It’s not typical for a band to write a sequel to a highly regarded album years after the original. It has been done of course, but the result is often underwhelming, to say the least (I’m looking at you ‘Operation: Mindcrime II’). I was therefore a bit surprised, and more than a little leery to learn that prog metal titans Between The Buried and Me were releasing ‘Colors II’, a sequel to their much loved (and arguable masterwork) ‘Colors’ released back in 2007. A non-direct story sequel is an awkward thing, it must have enough in common with the first work to rightfully be considered a sequel, but also stand on its own merits while being fresh, and bringing something new to the proceedings. And the band has managed to do just that.
Thematically it is meant to be a continuation of the first album, analyzing humanity, and the world in general, and includes little nuggets of lyrics, and melodic cues to the first. I’m going to try and not give too many of those away, as part of the fun of listening through it is finding them. The first is quite obvious, and expected though, in the opening number “Monochrome.” The music and vocal delivery of Tommy Rogers (lead vocals, keys) are a clear nod to the opening track “Foam Born” from the previous album. And like that song after a minute or so of quiet contemplation, the full band comes roaring in, and the growls begin in earnest. As on most of their albums, the songs bleed into each other, creating the impression of one long song, and statement, and in this instance, the opening track moves directly into “The Double Helix of Extinction,” a song that moves in typical BtBAM ways, barrages of technical brutality, with waves of melody, and beauty.
In many ways, the original ‘Colors’ wrote the blueprint for almost everything the band has done since. This is not unusual as any band with longevity, and success has likely found it because they established their own sound, and knew what to do with it. I have at times over the years felt that they were in part making ‘Colors’ over and over, with little being either fresh or invigorating. Which is why I am so pleased with how this album came out, maybe it was the forced break that Covid imposed on them, but I really feel that this is the freshest the band has sounded for quite some time (although ‘Coma Ecliptic’ was definitely a break in this pattern, and one that renewed my hope for them).
The band is of course in incredible form, the duo guitar attack, and intricate interweaving by Paul Waggoner, and Dustie Waring is as tight as ever, and the deep, grounding rhythm section of bassist Dan Briggs, and drummer Blake Richardson are legendary. And Tommy’s intelligent key work is vital to their sound. But his vocals are what really shines on this album, in particular his cleans. The mellow middle section of “Revolution In Limbo” is some of my favorite vocal work from any of their album, his confidence is palatable, and the seeming effortlessness with which he switches between his clean, and growled vocals is all the more impressive given how long he’s been doing it for, as they haven’t gotten any weaker over the years, as is often the tragic case.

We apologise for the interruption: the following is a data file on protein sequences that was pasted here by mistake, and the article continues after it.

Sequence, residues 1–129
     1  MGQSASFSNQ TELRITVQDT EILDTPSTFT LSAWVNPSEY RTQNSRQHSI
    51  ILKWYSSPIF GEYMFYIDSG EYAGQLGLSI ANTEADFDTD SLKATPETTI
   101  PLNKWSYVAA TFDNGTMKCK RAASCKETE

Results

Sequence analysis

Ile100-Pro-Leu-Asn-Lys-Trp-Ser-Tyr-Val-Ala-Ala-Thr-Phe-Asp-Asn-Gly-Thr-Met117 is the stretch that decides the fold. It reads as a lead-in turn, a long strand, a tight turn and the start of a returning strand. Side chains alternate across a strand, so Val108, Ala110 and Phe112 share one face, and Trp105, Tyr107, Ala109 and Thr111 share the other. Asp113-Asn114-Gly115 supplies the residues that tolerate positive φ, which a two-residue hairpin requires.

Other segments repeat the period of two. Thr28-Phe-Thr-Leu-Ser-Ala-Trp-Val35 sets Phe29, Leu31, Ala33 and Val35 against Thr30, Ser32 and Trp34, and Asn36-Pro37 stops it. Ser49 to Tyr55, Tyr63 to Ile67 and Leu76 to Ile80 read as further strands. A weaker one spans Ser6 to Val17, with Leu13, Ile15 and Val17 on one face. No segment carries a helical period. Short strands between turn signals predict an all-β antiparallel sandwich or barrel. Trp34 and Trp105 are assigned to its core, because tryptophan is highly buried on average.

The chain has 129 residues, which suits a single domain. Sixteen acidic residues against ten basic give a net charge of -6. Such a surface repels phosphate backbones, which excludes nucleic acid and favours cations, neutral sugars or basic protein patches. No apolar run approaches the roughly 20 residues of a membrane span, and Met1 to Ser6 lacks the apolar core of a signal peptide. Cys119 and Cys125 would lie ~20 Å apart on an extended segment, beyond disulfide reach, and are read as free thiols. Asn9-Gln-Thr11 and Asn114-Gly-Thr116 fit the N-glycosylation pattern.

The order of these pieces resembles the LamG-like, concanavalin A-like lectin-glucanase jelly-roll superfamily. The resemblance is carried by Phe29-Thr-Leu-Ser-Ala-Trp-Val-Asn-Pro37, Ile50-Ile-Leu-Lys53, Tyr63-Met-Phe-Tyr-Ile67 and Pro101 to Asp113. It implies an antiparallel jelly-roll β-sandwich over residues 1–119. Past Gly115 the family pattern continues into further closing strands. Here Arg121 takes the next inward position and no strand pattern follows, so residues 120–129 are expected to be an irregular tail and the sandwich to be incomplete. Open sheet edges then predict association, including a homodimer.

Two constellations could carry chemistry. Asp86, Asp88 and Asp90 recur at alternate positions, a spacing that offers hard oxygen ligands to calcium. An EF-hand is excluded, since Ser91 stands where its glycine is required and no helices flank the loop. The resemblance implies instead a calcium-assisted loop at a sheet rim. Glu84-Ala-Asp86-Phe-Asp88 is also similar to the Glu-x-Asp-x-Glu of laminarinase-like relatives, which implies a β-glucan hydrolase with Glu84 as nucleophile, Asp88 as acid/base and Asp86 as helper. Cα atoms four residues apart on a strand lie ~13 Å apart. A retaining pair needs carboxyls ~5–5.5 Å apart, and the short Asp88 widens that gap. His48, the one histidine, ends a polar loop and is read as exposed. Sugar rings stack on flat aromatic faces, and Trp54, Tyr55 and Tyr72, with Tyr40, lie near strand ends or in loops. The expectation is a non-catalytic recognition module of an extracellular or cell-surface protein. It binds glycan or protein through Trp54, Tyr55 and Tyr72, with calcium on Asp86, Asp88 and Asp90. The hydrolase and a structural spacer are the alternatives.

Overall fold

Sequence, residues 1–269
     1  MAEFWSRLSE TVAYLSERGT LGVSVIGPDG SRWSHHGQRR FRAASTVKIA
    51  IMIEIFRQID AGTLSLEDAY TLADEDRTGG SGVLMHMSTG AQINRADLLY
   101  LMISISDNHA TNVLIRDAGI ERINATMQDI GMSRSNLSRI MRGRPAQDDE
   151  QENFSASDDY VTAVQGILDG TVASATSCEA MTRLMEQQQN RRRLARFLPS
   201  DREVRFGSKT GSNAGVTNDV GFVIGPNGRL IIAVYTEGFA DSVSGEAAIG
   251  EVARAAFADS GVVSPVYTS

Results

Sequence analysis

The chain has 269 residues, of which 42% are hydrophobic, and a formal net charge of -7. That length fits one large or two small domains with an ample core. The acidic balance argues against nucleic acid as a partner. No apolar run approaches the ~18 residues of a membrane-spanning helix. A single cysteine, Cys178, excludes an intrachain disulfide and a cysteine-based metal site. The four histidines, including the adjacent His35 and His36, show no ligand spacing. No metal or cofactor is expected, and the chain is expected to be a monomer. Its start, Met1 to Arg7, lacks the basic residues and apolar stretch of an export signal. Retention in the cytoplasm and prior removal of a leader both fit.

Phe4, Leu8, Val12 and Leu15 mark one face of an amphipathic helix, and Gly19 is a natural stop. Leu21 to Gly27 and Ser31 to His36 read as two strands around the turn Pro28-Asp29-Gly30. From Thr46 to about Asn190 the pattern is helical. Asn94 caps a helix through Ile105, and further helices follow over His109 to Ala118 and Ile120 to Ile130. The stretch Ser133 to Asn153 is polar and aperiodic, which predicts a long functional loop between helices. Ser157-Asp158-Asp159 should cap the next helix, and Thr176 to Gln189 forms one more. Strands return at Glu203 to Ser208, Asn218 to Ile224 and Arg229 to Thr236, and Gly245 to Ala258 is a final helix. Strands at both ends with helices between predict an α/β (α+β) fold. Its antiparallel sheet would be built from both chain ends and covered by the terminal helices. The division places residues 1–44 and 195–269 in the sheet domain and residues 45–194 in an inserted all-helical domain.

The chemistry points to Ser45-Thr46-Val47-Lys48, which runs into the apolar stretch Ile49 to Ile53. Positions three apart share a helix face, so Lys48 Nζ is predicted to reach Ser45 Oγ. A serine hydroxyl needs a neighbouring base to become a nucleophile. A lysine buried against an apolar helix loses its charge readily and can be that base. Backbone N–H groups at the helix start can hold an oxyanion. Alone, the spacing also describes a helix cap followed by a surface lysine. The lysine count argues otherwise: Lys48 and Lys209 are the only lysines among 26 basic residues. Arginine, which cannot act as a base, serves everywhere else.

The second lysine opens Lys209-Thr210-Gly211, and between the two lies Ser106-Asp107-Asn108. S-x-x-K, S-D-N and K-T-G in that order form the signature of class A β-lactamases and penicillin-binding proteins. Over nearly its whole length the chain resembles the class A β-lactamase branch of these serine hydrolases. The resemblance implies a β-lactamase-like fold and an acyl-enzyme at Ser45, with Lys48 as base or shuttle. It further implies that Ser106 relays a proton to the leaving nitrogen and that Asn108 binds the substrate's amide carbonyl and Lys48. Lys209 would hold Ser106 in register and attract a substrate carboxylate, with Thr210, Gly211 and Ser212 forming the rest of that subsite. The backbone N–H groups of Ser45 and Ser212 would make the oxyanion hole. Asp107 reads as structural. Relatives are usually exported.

There are some guests that need to be mentioned as well, the punk-infused “Fix The Error” has a trio of drumming guest soloists in the form of Mike Portnoy, Navene Koperweis, and Ken Schalk. I am most familiar with the work of Portnoy, but everything about this track works wonderfully, and the addition of a cowbell in the second solo is a delightful touch.
With an 80 minute runtime, there is a lot to unfold here. It is therefore impossible to hit on everything worth mentioning and keep a review at a reasonable length. But rest assured, that the more listens one gives this album, the more things are revealed, and the more enjoyable it becomes. Some more songs do deserve mention though that stand out to me, “The Future Is Behind Us” is one of the more musically quirky, and fun tracks, adding a healthy dose of electronic music and melodicism to the heavy complexity of the guitar, and metal around it. Tommy plays with his voice a lot within it as well, at times half speaking his lyrics, before bouncing back to high cleans, and some of the more clearly enunciated screams on the album.
The album closes out with the longest song the 15 minutes “Human Is Hell (Another One With Love)” which is introduced by the short ambient instrumental “Sfumato.” The beginning is musically a clear followup to “White Walls” the closing piece from the first album, and like that song, this piece is a full roller coaster rush of ups, downs, and breathtaking speeds. Lyrical comparisons will be much easier with an album booklet, but they share similar themes of self-exploration, what it means to be human, and how one sees themselves in the grand scheme of the universe. The band makes good use of every minute of the run time, striking the balance between strong, catchy melodies (often jazzy) of delicate beauty, and highly complex brutality. It’s an exceptionally well-written, and crafted piece of music, and serves as a powerful, and emotionally satisfying conclusion.
Between The Buried and Me have once again thrown down the gauntlet to the rest of the more extreme end of the progressive metal community, challenging other bands to never rest on their past, and keep looking forward. With ‘Colors II’ that have proven that even ten full-length albums into their career, they are still willing to push themselves and their listeners, and have crafted one of the most compelling, and complete albums of their career. I must admit that I thought their best days were past, but this album gives me a lot of hope for the future. Recommended.